Bringing people and communities together to reduce crime and anti-social behaviour

Exclusion Schemes: Midlands Conference

Date: 28 Feb 2013

Venue: The De Vere, Colmore Gate, Birmingham

Last in PAC’s regional conferences on Exclusion Schemes brings total attendance to over 300

Partnerships Against Crime’s fourth and final regional conference on Exclusion Schemes took place at the DeVere Colmore Gate in central Birmingham on February 28th.

In total the series of four conferences welcomed in excess of 300 delegates, the overwhelming majority of whom were looking to set up new, or further-develop existing, crime reduction partnerships.

The Midlands conference in Birmingham hosted over 70 paying delegates – from BIDs, BCRPs, shop- and pub-watches, local authority community safety groups and police. Delegate numbers were second only to PAC’s London conference in October.

The conference also featured more exhibitors than ever before including the Bank of England, DCRS, MRS, Littoralis, Facewatch and Radiotactics.

As with previous conferences CRP News editor Gabrielle Stirling started the ball rolling. She provided an overview of how Exclusion Schemes work, their legal basis and the obligations of Members. She explained the importance of Good Practice and certification and pointed to some of the challenges – and opportunities that the future will bring for Partnerships.

Julie Davies, Business Crime Manager at the Stoke on Trent Business Crime Reduction Partnership shared some of the lessons she has learned in her 26 years in the job. She explained how part of that job is to recommend individuals for exclusions at regular meetings – but without allowing partnership Members to know the identity of the individuals in question in order to ensure fair treatment. She also itemised the wide range of services that Stoke BCRP offers its Members including training on a variety of useful crime-reduction subjects.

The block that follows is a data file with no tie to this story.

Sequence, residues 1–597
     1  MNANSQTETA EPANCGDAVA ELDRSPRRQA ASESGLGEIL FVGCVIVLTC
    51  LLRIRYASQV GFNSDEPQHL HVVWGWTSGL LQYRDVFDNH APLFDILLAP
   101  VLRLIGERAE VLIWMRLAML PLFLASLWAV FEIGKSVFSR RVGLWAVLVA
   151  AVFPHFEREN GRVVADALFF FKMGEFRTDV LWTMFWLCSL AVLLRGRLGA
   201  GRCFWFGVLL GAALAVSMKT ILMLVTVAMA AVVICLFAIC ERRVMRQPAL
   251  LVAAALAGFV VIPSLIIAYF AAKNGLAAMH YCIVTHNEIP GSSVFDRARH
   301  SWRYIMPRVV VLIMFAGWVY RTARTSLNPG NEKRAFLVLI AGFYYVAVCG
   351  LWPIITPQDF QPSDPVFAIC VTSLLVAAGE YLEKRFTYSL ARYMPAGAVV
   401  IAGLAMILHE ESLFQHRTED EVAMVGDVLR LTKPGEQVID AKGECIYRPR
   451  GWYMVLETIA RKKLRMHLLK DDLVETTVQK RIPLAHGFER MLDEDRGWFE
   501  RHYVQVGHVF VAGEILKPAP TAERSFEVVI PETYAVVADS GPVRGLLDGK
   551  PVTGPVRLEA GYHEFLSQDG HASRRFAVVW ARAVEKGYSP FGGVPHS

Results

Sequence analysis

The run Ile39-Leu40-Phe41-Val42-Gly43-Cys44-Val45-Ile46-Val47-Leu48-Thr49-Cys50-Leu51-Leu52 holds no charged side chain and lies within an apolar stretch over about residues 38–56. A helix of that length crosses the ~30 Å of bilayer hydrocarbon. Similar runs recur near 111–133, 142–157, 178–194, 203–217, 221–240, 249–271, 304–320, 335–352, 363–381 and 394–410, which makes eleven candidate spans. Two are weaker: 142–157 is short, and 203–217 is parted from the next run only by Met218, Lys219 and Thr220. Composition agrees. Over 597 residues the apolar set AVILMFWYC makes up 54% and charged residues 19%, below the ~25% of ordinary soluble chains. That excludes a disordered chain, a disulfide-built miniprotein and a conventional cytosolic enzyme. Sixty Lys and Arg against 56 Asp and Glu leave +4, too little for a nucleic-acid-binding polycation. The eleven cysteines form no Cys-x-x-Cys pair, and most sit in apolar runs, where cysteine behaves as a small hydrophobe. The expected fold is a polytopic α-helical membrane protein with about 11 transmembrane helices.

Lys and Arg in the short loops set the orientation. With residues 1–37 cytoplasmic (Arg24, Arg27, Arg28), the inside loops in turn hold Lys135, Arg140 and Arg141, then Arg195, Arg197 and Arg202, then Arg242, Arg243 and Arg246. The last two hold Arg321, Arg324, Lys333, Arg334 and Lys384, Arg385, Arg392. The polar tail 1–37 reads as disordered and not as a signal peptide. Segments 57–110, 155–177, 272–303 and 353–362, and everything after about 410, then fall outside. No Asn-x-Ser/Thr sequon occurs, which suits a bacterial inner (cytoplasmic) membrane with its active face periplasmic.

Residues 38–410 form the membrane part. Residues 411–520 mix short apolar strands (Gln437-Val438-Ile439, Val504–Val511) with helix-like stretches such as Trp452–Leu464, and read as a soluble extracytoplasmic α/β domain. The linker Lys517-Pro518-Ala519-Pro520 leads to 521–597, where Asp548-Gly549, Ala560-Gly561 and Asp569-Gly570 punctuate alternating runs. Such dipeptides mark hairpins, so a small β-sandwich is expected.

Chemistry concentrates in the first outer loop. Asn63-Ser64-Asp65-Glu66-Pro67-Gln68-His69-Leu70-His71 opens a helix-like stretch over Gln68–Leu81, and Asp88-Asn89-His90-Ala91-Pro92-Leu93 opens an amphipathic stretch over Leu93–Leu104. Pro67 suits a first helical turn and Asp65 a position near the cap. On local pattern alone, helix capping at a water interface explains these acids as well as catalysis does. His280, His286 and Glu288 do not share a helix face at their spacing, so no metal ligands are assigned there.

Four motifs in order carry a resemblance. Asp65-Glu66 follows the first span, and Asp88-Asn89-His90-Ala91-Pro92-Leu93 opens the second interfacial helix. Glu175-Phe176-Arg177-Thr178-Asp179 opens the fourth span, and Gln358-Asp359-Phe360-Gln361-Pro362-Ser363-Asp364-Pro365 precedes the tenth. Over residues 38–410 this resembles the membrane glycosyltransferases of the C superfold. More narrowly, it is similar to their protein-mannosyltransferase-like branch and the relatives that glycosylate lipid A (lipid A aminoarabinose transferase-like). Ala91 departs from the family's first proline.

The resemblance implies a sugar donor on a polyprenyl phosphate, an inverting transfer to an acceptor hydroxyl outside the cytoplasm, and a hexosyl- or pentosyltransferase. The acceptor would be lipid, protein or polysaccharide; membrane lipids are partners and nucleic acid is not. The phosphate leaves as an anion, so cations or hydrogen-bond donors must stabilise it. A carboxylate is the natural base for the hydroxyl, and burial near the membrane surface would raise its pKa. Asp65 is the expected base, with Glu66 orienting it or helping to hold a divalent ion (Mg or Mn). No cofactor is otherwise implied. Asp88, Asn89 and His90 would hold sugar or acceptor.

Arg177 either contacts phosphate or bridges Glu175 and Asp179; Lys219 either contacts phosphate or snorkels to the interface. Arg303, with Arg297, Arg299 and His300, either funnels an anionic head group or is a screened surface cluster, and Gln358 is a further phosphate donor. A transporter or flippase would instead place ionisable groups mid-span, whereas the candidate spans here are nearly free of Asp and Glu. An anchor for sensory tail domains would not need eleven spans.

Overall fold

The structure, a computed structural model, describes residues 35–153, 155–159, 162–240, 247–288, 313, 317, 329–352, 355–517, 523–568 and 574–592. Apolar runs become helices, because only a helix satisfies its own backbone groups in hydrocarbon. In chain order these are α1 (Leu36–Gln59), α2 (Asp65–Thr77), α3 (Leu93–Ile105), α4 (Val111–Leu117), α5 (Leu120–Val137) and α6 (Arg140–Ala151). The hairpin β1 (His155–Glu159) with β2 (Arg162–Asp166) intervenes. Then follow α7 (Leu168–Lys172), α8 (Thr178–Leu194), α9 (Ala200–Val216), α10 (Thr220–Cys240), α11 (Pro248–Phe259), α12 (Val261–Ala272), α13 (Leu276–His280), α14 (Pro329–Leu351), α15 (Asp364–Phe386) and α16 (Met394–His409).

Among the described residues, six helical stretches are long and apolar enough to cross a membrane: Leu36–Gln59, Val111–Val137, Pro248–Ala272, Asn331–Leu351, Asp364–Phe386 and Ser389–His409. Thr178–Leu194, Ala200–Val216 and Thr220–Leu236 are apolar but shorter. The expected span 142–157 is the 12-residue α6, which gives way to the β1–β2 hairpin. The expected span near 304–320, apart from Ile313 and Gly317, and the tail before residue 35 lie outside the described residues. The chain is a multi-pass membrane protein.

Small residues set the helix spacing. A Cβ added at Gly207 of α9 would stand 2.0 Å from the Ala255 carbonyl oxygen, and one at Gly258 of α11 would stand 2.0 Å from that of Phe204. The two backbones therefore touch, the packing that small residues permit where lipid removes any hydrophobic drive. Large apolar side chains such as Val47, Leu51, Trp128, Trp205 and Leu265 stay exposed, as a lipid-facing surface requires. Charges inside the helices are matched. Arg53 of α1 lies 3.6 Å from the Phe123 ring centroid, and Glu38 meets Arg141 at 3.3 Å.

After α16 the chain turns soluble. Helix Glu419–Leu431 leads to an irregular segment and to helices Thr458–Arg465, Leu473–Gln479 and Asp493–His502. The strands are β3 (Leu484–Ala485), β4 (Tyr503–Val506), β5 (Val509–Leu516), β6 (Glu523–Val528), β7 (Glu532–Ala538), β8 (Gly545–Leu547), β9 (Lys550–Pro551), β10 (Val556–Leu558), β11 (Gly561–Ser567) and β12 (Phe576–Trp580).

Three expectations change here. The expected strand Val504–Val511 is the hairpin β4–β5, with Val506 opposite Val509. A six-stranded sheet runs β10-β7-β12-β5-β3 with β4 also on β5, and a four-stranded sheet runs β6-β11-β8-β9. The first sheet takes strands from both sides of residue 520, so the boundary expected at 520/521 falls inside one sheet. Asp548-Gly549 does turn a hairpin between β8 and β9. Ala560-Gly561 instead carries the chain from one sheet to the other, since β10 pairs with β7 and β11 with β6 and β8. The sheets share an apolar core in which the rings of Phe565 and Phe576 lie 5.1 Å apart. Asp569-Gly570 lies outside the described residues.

It’s not all about exclusions in Stoke, however. The Partnership undertakes a regular programme of educative programmes with the aim of encouraging youngsters to avoid the kind of behaviour that can land them in trouble – and emphasising how an Exclusion can seriously damage their nightlife!

Tony Mernagh of Brighton & Hove BCRP spoke on how to set up a business crime reduction partnership, outlining the differences between ‘unincorporated associations’ and companies limited by shares and by guarantee. He also covered the benefits of become a Community Interest Company – just the job for larger crime reduction partnerships.

In addition to running its own partnership, Brighton & Hove BCRP also provides a full ‘out-sourcing’ service for other partnerships who can’t find the time or resources to do their own administration.
Radio technology was covered by Dan Faulkner, Channel Manager UK & Ireland for Motorola, who provided insight into the latest technology and how it has impacted radio systems. Radios play a big part in Business Crime Reduction Partnerships such as shop-watches and pub-watches, and are an essential part of most exclusion schemes. A local radio system linking businesses together is important for two reasons – it provides Members with benefits that are really important to them – and it can provide Partnerships, especially larger ones, with the means to raise enough income to fund themselves.